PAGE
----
BRUSSELS (Reuters) - Listed companies will only be obliged to report their results twice a year from 2015 under new EU rules designed to improve the flow of information and cut bureaucracy.
The rules still need to be approved by European Union governments, but that is expected to be a formality following agreement by representatives of the 27 member states as well as the European Commission and the European Parliament.
Firms are currently required to report four times a year, which can create undue administration and lead to short-termism on markets, the European Commission said on Thursday.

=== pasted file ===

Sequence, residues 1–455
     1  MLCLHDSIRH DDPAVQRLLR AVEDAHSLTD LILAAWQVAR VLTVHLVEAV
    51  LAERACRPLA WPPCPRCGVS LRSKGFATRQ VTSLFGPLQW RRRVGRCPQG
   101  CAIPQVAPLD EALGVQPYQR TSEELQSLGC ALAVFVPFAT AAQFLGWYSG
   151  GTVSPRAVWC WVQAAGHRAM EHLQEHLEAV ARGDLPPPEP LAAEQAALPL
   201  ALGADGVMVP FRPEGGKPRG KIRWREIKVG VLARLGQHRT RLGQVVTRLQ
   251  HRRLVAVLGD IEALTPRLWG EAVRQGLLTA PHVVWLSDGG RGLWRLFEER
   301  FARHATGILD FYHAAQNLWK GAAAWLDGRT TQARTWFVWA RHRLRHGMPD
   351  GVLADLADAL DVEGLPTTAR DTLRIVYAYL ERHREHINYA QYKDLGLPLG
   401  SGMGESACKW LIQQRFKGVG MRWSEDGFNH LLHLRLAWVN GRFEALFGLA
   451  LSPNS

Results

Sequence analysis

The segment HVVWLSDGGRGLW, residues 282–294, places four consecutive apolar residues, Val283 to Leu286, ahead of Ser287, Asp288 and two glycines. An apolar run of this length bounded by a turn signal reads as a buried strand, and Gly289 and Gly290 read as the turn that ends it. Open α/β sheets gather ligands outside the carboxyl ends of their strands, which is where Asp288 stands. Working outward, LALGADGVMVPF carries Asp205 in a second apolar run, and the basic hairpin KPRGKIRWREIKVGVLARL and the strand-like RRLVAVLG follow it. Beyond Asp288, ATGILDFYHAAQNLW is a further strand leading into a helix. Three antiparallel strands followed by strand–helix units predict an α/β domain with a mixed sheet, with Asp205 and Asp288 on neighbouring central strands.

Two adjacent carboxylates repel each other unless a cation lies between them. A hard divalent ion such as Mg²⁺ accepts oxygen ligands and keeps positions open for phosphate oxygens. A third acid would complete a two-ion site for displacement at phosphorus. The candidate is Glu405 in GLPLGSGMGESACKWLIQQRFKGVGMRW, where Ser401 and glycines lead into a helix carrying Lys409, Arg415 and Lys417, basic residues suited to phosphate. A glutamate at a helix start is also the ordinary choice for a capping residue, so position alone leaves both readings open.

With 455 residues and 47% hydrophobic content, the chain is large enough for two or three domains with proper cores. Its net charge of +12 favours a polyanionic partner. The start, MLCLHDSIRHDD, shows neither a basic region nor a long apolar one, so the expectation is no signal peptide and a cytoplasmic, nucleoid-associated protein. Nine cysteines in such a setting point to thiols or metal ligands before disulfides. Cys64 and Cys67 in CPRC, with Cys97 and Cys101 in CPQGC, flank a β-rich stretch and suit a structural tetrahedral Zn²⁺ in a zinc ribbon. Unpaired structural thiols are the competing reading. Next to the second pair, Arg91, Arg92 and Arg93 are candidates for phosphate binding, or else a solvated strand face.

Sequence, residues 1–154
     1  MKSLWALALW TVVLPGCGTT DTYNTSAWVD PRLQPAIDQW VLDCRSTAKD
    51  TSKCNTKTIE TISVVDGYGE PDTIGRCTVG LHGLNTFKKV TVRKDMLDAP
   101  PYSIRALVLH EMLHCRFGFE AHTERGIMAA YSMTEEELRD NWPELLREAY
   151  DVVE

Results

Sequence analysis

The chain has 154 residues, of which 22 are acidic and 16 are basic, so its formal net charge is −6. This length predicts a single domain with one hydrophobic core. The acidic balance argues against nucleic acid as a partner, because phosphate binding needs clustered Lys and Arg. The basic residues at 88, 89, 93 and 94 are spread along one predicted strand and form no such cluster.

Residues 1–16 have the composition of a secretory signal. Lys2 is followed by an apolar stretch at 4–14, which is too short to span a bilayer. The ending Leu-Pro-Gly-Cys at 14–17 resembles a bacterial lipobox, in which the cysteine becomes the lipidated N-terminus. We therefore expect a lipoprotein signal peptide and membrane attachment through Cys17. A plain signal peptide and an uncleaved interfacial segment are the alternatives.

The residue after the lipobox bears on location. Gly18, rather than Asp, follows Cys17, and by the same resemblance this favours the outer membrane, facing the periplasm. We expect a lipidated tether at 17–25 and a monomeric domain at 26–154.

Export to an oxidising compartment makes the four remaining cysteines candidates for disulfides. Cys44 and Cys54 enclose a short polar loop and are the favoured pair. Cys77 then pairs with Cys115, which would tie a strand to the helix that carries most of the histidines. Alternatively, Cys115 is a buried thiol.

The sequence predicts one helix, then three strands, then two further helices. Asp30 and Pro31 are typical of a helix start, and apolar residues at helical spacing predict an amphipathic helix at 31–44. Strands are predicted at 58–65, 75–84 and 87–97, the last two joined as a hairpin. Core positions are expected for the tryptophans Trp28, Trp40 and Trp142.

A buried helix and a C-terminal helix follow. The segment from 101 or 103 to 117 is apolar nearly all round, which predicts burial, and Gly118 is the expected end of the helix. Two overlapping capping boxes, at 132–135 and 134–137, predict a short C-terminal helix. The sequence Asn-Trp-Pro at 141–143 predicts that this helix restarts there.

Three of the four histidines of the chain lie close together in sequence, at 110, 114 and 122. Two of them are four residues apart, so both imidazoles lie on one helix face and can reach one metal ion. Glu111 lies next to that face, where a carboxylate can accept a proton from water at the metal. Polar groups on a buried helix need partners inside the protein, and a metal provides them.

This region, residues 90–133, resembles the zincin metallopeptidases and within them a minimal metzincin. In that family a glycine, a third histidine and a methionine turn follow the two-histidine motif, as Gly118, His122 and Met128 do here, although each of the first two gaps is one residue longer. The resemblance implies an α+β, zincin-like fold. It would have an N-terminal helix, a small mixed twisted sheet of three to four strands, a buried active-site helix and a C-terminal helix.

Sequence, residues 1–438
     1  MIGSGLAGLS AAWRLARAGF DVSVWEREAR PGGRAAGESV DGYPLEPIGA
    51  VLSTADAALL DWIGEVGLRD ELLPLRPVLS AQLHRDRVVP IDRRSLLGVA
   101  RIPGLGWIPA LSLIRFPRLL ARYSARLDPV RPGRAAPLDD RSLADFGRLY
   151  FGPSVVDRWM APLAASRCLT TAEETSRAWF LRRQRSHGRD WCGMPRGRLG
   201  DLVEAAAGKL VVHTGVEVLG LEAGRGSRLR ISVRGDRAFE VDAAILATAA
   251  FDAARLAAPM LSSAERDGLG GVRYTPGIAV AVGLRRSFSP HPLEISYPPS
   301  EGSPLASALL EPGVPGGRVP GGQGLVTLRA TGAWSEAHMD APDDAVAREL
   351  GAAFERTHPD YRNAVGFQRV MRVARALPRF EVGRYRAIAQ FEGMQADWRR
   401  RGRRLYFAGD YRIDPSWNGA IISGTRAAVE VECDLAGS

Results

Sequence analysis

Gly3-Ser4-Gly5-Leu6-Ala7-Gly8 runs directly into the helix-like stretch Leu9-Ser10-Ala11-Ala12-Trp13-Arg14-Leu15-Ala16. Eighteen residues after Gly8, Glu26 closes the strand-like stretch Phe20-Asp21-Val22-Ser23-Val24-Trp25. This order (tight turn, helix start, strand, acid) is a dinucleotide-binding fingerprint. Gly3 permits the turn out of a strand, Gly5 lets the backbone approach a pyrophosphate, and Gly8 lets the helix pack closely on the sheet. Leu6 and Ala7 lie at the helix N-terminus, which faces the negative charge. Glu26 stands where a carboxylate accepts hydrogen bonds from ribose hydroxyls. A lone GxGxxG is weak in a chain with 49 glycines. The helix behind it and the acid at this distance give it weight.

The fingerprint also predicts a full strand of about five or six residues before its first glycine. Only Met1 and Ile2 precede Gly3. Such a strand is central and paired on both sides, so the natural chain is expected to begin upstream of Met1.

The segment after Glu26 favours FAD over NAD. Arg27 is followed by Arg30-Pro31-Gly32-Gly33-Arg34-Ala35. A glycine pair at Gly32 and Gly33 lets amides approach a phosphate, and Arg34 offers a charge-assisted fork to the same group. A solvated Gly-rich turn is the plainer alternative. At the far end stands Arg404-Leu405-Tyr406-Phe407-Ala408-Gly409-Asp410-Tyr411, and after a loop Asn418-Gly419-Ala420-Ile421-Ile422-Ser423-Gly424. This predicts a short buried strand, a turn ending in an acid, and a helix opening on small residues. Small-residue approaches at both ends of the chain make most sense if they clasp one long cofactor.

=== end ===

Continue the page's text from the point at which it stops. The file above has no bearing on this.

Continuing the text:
The change is part of a range of reforms on business transparency that also require firms active in the extractive industries - including oil, gas, mining and logging - to disclose payments they make to governments.
Although less frequent publication of company results may appear to reduce transparency not improve it, EU officials and politicians said it would ensure smarter reporting.
While smaller companies are expected to seize the opportunity to scrap quarterly results announcements, saving management time and costs, large firms are mostly expected to keep to quarterly reporting calendars to satisfy shareholders.
The new rules also aim to prevent investors from secretly building up controlling stakes in listed companies.
Reporting by Claire Davenport; editing by Barbara Lewis and Rex Merrifield